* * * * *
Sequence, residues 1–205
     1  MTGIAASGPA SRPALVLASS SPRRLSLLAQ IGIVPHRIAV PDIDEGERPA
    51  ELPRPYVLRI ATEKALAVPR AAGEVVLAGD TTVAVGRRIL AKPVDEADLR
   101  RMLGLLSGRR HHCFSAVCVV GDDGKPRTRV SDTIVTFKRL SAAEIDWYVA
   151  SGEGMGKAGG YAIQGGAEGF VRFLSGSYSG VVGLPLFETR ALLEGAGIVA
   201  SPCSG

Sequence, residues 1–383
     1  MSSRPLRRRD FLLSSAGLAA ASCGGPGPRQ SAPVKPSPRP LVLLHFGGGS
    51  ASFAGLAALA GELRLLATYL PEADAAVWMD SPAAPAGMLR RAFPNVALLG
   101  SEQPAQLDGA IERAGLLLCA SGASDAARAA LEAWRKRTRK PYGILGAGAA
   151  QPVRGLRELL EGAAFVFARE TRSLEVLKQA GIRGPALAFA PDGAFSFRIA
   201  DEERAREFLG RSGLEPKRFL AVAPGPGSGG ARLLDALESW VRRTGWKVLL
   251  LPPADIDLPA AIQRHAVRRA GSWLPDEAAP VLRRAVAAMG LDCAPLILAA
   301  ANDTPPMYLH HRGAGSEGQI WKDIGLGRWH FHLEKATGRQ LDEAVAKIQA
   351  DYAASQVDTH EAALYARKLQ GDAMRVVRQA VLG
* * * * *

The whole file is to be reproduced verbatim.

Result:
Sequence, residues 1–205
     1  MTGIAASGPA SRPALVLASS SPRRLSLLAQ IGIVPHRIAV PDIDEGERPA
    51  ELPRPYVLRI ATEKALAVPR AAGEVVLAGD TTVAVGRRIL AKPVDEADLR
   101  RMLGLLSGRR HHCFSAVCVV GDDGKPRTRV SDTIVTFKRL SAAEIDWYVA
   151  SGEGMGKAGG YAIQGGAEGF VRFLSGSYSG VVGLPLFETR ALLEGAGIVA
   201  SPCSG

Sequence, residues 1–383
     1  MSSRPLRRRD FLLSSAGLAA ASCGGPGPRQ SAPVKPSPRP LVLLHFGGGS
    51  ASFAGLAALA GELRLLATYL PEADAAVWMD SPAAPAGMLR RAFPNVALLG
   101  SEQPAQLDGA IERAGLLLCA SGASDAARAA LEAWRKRTRK PYGILGAGAA
   151  QPVRGLRELL EGAAFVFARE TRSLEVLKQA GIRGPALAFA PDGAFSFRIA
   201  DEERAREFLG RSGLEPKRFL AVAPGPGSGG ARLLDALESW VRRTGWKVLL
   251  LPPADIDLPA AIQRHAVRRA GSWLPDEAAP VLRRAVAAMG LDCAPLILAA
   301  ANDTPPMYLH HRGAGSEGQI WKDIGLGRWH FHLEKATGRQ LDEAVAKIQA
   351  DYAASQVDTH EAALYARKLQ GDAMRVVRQA VLG